Joburg Fire: An Accident or a Corollary of Negligence?

Victoria Akindele
20% Complete
 07-Sep-2018

The fire in the Bank of Lisbon building which housed the Gauteng departments of health, human settlements, and cooperative government and traditional affairs broke out on the 23rd floor on Wednesday in Johannesburg.

In a briefing outside the building on Wednesday afternoon, Infrastructure Development MEC Jacob Mamabolo said his department had commissioned an assessment of various buildings around the city in 2017 for occupational health and safety. The report which was presented on August 27, 2018, had revealed that the Bank of Lisbon building was only 21% compliant with occupational health and safety standards, against the norm of 85%.

He also said that the process of waiting for departments to report safety concerns to the infrastructure and development department was “no longer working”.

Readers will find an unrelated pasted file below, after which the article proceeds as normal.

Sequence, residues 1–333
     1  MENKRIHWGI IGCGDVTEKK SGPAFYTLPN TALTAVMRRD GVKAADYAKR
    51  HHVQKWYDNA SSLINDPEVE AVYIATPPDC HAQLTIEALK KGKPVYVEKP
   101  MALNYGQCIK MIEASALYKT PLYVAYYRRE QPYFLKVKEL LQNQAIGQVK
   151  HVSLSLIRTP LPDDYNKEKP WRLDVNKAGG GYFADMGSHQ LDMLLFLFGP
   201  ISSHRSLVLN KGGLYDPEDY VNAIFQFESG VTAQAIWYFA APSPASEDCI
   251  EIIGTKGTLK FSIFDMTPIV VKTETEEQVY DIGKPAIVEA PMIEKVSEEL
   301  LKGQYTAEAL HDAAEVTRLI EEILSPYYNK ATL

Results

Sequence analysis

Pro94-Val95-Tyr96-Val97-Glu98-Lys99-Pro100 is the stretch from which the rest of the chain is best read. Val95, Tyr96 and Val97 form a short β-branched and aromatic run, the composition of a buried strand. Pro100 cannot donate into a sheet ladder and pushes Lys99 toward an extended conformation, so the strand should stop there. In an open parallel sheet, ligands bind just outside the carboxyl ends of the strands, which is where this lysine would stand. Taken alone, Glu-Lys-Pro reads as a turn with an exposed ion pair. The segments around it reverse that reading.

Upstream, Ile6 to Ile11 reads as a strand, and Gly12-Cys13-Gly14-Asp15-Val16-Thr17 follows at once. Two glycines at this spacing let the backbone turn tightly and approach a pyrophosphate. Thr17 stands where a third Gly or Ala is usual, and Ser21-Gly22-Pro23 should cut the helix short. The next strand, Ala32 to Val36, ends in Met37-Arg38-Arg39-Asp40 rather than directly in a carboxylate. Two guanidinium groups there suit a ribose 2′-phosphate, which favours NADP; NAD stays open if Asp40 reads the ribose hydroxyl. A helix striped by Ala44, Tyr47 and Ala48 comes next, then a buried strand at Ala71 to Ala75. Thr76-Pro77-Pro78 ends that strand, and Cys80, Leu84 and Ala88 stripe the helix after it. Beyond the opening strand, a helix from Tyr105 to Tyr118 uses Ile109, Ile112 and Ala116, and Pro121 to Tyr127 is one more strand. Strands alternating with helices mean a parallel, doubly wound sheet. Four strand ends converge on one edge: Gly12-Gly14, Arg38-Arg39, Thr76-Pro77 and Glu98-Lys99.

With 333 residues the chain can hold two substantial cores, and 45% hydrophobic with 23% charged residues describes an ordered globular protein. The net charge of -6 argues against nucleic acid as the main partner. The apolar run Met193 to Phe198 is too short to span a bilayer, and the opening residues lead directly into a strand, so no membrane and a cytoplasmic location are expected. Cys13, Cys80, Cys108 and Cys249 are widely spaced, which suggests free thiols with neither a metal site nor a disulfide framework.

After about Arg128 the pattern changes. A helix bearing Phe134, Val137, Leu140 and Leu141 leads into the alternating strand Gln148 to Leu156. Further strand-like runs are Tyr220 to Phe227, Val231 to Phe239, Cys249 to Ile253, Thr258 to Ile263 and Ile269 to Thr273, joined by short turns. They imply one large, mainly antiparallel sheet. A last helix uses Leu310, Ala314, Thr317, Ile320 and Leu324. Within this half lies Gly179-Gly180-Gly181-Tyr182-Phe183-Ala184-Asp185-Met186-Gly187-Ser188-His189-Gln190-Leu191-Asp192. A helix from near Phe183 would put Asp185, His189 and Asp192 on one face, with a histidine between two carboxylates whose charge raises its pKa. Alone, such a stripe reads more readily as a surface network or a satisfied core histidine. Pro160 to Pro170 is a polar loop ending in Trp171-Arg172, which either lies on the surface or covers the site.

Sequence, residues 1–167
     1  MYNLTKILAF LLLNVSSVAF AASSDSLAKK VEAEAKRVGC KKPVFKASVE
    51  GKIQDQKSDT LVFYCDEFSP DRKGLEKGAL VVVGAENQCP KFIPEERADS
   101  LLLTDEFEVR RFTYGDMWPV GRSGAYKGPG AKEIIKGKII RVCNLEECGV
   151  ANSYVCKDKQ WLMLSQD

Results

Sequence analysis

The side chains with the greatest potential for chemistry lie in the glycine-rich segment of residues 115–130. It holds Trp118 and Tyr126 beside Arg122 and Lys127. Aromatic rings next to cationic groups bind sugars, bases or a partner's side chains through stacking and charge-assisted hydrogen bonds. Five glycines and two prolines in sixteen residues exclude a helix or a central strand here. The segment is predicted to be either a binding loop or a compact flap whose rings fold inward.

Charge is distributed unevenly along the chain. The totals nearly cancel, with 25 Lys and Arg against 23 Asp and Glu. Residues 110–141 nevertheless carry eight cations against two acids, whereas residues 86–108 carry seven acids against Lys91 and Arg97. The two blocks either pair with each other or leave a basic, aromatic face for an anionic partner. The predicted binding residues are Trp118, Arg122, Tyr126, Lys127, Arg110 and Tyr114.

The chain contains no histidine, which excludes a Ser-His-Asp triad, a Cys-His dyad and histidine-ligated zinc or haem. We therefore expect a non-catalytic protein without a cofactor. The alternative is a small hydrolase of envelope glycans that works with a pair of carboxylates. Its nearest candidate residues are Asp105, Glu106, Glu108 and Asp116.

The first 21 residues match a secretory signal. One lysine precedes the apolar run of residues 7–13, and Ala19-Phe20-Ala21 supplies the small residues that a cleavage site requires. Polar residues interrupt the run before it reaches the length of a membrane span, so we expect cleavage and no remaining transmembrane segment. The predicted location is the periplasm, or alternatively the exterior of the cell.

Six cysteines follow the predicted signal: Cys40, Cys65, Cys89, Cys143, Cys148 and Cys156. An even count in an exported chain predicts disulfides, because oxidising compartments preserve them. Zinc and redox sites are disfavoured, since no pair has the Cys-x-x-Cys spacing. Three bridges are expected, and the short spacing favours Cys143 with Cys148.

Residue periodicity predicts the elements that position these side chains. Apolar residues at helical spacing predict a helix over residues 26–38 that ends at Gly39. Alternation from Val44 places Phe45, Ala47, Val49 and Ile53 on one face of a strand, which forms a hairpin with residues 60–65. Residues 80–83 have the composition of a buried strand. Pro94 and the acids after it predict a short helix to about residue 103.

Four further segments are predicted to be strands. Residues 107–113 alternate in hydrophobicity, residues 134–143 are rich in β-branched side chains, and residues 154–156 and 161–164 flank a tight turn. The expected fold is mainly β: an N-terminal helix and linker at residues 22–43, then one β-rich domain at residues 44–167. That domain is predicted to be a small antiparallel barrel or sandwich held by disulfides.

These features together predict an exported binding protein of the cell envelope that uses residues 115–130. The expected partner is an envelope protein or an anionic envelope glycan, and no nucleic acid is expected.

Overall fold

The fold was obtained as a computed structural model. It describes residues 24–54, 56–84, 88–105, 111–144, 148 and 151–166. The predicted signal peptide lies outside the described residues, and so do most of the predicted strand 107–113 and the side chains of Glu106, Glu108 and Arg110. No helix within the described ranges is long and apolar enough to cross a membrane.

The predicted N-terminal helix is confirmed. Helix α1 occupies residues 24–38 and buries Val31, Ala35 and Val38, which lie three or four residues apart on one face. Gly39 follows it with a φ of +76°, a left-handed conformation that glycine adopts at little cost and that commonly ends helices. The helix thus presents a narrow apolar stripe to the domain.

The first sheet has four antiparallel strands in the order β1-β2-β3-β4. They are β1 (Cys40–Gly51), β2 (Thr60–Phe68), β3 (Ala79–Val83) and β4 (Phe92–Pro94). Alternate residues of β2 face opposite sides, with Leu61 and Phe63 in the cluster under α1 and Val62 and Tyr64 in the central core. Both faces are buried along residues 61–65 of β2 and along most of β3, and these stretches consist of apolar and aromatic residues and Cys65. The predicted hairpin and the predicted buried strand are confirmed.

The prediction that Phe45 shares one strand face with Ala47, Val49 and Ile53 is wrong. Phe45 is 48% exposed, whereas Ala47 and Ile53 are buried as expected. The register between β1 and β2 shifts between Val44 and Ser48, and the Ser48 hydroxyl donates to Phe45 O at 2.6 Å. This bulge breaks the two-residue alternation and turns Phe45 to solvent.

“We want to be the only authority that can determine whether a building must be relocated or not and where they say there is no budget, we will have to work with Treasury,” Mamabolo said.
Investigations into what caused the blaze would be undertaken, although there have been suspicions that an electrical fault could be to blame.

“At this point, we are not aware of what the causes of the fire are. The City of Johannesburg, working together with us, will conduct an investigation and I would like to appeal to everybody to not speculate,” Mamabolo said.
But Mamabolo believes that the media and the public can’t speculate that that was the case of the fire.

“You must remember, a fire can be caused even in the best of buildings. We cannot speculate on the cause of the fire. We must wait on a report,” Mamabolo said.